The rate of air or gas flow, provided that the pressure ratio across the shroud is subcritical, Q(cfm) follows the theory of flow through orifices and is proportional to orifice area and to the square root of the differential pressure across the orifice. Considering that the orifice in this case is that formed by the clearance between the shrouds and the cylindrical housing, the relationship ##EQU1## is applicable regardless of which direction the gas flow takes. The use of an air or gas purge flow, it can be seen, not only minimizes friction and wear that can be caused by migrating particles, but also reduces leakage of the gas from the high pressure side to the low pressure side of the valve.
As the physical size of the rotary valve increases, the manufacturing and operating problems involving close clearances become more pronounced and more costly. The problems of leakage likewise become more significant and the amount of purging necessary to prevent such leakage will also increase. It will be appreciated that increases in purging requirements will also be necessitated as requirements for differential pressure capability grow greater, or as the temperature to which the valve is exposed becomes higher, or as a result of any combination of the above mentioned factors. It will also be appreciated that the purging of the ends bells is an energy-intensive procedure which may also involve a relatively heavy investment in purging equipment. Furthermore, since it is often necessary that a relatively inert fluid such as nitrogen or steam be used as the purging media instead of air, this procedure may also be relatively cost intensive.
In view, therefore, of these problems, my co-inventors and I, in our above referenced related application, suggested a rotary vane valve that was equipped with shrouds at the end of its vanes in which an annular throttle plate was positioned axially outwardly from at least one of the shrouds so that this annular throttle plate was not actually in contact with the shroud but was closely spaced from it. The outer peripheral edge of this annular throttle plate was adjacent the cylinder housing such that it either actually abutted that housing or so that there was only a small gap between this peripheral edge and the cylindrical housing. At the inner edge of the annular throttle plate a purge gas was introduced into the gap between the shroud and the throttle plate. This purge gas flowed first radially outwardly in this gap and then axially inwardly in the gap between the outer peripheral edge of the shroud and the cylindrical housing.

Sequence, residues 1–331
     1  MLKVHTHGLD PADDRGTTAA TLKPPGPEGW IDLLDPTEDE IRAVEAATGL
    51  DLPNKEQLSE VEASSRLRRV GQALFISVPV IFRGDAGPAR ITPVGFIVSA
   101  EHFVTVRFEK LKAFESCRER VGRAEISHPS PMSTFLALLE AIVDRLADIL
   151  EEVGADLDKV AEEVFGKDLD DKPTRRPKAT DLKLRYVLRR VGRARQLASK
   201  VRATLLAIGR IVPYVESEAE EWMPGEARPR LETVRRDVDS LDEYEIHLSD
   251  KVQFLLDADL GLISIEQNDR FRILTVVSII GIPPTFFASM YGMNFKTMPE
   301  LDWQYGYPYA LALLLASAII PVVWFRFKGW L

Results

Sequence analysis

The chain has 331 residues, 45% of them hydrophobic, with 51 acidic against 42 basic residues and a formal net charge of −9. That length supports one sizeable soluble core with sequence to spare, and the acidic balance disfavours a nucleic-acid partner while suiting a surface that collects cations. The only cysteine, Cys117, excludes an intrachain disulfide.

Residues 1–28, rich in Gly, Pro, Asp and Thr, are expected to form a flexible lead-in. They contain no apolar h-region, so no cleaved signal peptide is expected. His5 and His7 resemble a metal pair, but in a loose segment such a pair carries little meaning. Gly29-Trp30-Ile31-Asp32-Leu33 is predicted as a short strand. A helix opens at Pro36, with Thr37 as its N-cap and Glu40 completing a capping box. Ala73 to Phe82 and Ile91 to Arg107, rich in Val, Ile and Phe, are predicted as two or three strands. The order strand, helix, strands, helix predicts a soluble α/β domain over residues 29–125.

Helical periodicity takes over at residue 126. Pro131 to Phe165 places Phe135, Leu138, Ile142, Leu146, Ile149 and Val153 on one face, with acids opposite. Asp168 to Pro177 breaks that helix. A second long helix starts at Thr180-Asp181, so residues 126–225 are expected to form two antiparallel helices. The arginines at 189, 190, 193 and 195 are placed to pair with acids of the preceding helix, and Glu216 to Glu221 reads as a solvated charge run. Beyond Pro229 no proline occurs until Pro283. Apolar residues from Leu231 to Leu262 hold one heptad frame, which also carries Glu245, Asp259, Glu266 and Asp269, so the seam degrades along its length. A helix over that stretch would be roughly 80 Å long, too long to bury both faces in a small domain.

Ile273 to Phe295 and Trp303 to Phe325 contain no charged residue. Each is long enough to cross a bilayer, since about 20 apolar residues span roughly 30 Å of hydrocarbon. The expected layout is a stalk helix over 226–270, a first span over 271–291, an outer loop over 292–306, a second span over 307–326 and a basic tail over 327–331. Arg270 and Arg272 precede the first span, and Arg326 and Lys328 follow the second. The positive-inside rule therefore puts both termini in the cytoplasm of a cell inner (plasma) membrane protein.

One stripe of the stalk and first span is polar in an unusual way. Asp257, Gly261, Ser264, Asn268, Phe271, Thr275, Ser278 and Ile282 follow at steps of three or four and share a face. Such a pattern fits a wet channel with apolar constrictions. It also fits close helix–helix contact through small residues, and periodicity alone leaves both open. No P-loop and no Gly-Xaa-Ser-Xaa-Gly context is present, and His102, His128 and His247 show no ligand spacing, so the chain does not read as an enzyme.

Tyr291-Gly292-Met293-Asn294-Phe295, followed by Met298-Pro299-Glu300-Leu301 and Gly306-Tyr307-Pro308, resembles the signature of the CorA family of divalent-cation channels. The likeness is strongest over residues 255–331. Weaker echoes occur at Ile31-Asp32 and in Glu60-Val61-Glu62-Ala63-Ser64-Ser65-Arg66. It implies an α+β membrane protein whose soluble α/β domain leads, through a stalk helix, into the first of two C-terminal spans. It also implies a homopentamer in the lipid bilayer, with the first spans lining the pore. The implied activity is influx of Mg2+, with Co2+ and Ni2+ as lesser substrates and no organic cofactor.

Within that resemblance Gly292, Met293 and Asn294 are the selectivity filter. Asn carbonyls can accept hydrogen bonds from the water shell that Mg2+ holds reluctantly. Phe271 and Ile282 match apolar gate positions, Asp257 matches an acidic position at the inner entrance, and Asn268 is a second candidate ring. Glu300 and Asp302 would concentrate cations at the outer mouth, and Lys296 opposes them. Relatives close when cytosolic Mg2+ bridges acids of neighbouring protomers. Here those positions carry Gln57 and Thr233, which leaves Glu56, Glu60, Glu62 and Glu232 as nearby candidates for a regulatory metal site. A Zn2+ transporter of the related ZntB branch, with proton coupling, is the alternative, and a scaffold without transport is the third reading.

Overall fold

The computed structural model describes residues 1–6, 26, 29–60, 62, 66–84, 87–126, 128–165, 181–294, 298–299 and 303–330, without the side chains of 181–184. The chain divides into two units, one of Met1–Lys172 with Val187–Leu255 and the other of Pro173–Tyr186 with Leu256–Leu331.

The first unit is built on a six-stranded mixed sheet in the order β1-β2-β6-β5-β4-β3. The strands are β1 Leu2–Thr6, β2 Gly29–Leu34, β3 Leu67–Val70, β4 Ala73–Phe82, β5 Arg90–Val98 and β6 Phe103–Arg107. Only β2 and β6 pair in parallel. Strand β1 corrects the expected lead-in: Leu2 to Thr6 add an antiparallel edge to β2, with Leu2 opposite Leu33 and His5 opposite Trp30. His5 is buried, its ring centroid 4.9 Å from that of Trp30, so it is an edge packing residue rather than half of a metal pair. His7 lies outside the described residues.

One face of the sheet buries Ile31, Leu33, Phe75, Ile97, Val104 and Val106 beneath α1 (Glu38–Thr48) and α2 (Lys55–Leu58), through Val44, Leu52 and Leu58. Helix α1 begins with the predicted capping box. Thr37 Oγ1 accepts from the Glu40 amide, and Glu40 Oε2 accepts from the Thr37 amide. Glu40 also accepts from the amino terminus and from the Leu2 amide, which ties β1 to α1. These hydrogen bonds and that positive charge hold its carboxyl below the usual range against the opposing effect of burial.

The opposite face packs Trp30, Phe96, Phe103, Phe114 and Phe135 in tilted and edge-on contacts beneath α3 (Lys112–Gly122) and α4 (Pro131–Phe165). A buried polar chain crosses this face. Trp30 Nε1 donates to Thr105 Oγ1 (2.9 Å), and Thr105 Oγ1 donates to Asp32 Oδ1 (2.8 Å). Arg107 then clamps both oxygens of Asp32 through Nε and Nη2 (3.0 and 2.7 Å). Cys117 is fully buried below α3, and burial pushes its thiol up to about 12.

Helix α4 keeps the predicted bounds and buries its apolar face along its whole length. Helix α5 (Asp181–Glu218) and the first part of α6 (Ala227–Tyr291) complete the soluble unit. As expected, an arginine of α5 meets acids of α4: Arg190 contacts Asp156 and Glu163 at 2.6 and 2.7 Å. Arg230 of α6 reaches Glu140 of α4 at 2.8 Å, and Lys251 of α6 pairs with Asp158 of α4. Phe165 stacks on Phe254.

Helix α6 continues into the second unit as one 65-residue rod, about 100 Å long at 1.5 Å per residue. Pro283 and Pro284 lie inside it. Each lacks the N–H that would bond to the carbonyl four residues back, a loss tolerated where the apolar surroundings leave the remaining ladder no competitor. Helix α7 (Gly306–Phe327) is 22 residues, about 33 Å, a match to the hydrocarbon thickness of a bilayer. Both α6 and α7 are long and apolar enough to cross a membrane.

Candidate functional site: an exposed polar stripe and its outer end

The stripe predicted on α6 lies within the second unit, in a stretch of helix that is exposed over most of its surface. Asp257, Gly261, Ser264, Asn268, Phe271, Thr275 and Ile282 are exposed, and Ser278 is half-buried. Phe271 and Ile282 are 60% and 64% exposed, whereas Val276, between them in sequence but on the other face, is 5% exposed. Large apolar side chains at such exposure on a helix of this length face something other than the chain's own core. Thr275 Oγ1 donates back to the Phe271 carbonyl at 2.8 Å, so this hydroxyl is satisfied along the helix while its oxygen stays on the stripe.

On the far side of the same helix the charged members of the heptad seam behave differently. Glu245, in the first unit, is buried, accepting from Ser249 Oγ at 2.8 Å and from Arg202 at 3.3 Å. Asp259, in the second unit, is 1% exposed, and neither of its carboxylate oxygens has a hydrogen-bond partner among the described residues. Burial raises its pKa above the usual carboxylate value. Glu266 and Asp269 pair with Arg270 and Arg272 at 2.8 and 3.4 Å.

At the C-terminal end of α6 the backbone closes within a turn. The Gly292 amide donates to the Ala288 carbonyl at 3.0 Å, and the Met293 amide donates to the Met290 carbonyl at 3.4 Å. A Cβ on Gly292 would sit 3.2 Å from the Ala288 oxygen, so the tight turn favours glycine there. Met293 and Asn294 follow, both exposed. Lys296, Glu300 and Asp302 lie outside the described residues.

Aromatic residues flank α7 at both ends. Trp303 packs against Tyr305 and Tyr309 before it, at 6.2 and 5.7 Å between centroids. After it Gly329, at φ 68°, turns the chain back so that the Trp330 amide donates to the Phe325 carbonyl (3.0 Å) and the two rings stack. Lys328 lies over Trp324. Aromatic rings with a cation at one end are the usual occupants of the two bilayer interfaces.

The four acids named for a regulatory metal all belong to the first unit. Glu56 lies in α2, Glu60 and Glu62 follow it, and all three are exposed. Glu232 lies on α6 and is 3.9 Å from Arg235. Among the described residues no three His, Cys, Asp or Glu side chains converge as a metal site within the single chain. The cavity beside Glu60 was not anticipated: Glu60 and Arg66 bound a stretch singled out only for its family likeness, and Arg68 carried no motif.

With regard to viscous flow between parallel plates, we noted that it had been known that pressure drop varies inversely as the cube of the spacing between the plates and directly with the length of the flow passage. Thus, due to the existence of relatively narrow gaps between the annular throttle plate and the shroud and the peripheral edge of shroud and the cylindrical housing, gas velocity was relatively high as was pressure drop between the inner edge of the annular throttle plate and the interior of the cylindrical housing.
We also noted that those skilled in the art would appreciate that from the known relationships applicable to viscous flow between parallel plates it would be possible to calculate the particular distance between the annular throttle plate and the shroud which would be preferred under a certain set of circumstances. Since the pressures inside the cylindrical housing are often unpredictable and variable, we also suggested that it would be preferable that a means be provided to adjust the distance between the shroud and the annular control plate.
We also suggested that the outwardly-facing surfaces of the moving rotor shrouds and/or the inwardly-facing surfaces of the stationary annular plates in our rotary vane valve could be provided with smooth surface finishes or could be artifically roughened by any suitable process to increase the frictional resistance to flow between the plates. It was also suggested that plate surfaces could be machined with intermeshing alternating ridge and groove configurations in their surfaces to prevent straight-line flow of gas in the gap, which effect would also increase total seal resistance to flow.